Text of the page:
There have always been security concerns with audio in commercial applications. Back when tape was the go-to medium, for example, keeping a close eye on who had access to the storage facility was important to stop people tampering with, or stealing, a record company's masters. Similar media-management concerns are real in the digital domain. In fact, threats of data theft are multiplied due to the ability to share Gigabytes with the world in seconds. So despite the significant practical benefits of modern audio-over-IP systems, there are completely new security concerns to consider, and best practices to adopt.
This article will help to identify the potential security shortcomings — whether accidental or malicious — of your audio-over-IP system, and suggest ways to limit your system's exposure to user slip-ups and bad actors alike.
Step One: Simple Common Sense
Despite the advanced technological nature of a networked audio system, the first step in maintaining secure and stable operation is a human one, according to Will Hoult, Focusrite's Product Manager for Commercial and Professional Audio. “Access to any audio system should be managed using a common-sense approach. In an analogue studio scenario, the connections between rooms and devices are made using physical patch cables. If I was operating in control room #1 and saw that the live room was patched to control room #2, I would first check to see if someone else was using them before pulling the patch cables out of the panel. Only when I was sure that I could re-patch audio without affecting others' workflows would I start unplugging cables. This kind of process should also happen in a digital system, where all operators accessing the system follow the same procedure."
Assuming everyone abides by the rules, the vast majority of audio interruptions can be avoided. But that's easier said than done, especially when you have a large facility and lots of operators accessing the audio network at the same time.
Audio-over-IP systems have the huge advantage of multi-user interoperability, but with that comes several potential security pitfalls. Steps can be taken to control who can access mission-critical audio data.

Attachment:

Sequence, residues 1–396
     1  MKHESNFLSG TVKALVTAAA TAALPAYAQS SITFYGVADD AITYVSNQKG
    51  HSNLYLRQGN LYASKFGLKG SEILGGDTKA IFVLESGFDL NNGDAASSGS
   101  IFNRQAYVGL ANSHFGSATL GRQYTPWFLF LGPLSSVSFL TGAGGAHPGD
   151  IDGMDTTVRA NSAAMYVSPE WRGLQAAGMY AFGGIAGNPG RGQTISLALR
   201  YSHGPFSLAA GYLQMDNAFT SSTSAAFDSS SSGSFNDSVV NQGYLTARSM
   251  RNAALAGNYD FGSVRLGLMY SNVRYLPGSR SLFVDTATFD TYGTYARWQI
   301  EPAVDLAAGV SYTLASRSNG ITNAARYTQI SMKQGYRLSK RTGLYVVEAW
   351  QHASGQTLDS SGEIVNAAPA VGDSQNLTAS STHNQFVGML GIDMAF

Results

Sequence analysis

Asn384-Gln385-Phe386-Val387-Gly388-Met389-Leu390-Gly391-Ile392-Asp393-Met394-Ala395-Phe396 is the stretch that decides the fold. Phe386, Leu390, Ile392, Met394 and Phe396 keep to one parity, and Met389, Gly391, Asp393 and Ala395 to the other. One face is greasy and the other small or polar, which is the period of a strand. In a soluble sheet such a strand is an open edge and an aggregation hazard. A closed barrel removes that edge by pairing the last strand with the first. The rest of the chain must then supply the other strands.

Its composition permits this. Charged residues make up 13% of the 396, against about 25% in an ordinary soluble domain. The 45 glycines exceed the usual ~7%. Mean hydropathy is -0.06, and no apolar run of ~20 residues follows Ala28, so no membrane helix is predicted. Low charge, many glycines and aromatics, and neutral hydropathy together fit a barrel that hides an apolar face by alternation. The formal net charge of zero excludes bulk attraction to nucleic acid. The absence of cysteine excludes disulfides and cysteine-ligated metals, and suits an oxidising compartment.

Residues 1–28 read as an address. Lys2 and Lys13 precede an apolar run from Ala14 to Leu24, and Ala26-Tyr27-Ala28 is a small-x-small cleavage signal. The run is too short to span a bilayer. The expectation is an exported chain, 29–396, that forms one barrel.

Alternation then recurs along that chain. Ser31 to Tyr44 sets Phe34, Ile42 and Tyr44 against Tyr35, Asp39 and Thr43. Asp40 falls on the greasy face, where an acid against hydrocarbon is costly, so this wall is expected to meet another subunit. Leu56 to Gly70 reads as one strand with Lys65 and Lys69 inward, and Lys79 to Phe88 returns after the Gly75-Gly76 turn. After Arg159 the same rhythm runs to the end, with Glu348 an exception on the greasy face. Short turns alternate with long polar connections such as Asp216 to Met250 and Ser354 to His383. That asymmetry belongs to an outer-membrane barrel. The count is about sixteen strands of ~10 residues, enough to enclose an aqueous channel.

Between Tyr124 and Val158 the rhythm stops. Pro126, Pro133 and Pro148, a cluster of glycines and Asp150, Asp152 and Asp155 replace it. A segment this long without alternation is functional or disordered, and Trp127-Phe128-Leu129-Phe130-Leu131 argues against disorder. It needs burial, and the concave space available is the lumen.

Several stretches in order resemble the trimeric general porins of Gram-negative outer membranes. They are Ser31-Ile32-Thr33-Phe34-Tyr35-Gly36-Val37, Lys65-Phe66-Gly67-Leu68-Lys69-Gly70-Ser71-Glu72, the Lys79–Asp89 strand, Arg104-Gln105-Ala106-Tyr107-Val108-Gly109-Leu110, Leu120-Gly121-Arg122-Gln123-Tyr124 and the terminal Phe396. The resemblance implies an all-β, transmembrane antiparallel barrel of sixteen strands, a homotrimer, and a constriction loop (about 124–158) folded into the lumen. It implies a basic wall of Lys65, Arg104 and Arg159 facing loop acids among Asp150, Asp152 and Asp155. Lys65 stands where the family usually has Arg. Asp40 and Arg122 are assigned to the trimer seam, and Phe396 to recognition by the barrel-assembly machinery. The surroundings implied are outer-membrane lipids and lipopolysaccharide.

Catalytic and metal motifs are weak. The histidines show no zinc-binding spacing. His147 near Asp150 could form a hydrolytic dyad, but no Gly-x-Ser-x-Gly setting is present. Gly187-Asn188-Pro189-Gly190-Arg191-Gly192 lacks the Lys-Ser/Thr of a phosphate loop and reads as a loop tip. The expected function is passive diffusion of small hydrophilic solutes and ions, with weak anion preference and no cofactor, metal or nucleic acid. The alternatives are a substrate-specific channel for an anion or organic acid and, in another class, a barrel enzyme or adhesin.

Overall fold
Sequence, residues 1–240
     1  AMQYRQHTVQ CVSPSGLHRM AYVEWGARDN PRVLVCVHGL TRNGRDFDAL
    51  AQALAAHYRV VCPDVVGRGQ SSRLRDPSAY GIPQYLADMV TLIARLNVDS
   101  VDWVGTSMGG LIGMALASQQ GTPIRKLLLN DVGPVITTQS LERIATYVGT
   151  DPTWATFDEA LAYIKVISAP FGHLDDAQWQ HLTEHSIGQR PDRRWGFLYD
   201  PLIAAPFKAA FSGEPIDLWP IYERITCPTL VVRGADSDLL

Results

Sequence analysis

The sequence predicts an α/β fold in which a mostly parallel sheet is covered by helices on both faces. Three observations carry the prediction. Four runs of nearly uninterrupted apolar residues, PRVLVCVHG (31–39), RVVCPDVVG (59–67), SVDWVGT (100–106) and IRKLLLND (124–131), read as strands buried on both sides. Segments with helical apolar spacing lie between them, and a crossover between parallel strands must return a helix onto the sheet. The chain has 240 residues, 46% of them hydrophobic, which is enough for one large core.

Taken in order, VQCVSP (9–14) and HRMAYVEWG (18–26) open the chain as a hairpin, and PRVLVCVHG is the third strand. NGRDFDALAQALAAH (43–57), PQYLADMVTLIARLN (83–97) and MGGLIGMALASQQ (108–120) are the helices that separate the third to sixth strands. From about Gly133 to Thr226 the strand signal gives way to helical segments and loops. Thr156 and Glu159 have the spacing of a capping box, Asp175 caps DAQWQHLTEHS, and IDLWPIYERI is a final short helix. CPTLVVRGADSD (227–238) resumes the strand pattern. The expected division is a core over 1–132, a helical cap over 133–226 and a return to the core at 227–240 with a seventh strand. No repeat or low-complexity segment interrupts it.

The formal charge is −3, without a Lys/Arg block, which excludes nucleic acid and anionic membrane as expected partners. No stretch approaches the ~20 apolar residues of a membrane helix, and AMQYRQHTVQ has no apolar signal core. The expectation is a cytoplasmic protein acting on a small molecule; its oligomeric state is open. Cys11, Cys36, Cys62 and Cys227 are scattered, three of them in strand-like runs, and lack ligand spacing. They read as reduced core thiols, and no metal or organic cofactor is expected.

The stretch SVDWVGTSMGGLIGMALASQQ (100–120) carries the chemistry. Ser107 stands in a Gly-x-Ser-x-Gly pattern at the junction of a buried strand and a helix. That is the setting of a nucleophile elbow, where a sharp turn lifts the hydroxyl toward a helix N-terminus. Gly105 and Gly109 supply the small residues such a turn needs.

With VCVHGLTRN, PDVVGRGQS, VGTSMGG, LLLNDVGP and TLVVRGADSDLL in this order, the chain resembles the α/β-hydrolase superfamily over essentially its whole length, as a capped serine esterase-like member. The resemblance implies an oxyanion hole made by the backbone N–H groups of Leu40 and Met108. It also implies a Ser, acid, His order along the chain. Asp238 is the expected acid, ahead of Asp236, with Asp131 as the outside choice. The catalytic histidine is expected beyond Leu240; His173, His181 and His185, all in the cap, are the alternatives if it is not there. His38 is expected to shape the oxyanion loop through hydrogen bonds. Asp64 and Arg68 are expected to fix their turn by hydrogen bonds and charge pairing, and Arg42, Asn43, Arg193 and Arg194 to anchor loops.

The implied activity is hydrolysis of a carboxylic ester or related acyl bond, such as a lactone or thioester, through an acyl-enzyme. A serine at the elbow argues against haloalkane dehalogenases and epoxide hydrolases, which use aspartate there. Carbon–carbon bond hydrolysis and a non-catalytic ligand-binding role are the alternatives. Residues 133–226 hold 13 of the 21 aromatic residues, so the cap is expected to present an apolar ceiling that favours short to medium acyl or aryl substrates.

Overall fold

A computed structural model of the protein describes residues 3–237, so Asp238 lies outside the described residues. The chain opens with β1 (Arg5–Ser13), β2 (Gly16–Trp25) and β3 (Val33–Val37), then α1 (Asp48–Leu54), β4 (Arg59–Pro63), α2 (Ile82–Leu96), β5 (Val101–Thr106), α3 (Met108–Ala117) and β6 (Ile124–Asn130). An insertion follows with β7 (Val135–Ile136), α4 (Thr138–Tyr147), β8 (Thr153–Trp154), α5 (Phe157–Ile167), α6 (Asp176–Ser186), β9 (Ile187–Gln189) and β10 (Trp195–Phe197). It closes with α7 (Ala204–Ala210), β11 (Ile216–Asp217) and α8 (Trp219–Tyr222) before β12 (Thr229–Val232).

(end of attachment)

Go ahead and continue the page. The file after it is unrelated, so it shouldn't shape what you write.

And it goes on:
Controlling Users & Permissions
One of the main benefits of a networked audio system is that it allows multiple users to easily access the same audio, and process it independently of others. So it's not hard to imagine a situation where in-use audio is mistakenly re-routed or accidentally remotely controlled.
There are several failsafes built into Dante — the protocol on which RedNet operates — that allow the user to limit access to mission-critical functions, as Will Hoult explains. “With Dante Firmware v3.10 and Dante Controller v3.10 and later, Audinate has implemented a PIN lock feature, where a four-digit code needs to be entered before changes can be made. Lockable functions include routing settings, sample-rate changes, remote controlled reboot of devices, and network settings changes. All these are crucial for uninterrupted audio."
The lock feature in Dante Controller v3.10. A four-digit PIN is required to change the settings of locked devices.
The lock function itself is not immune to disruption though. For example, if one user has finished their session with their routing setup locked, the proceeding user will see locked units that are not being used. It's here where human intervention and pre-agreed system-access procedures are important, especially on a network spread over a wide geographic area. (On a fibre-optic network, Dante-connected devices can operate kilometers apart.)
“The best practice in this case," says Hoult, “is to assume that, if a routing is locked, it's in use. If you suspect someone forgot to unlock it, then you follow a simple communication procedure — maybe a phone call or text message — before making changes."
Wall-in Your Audio Network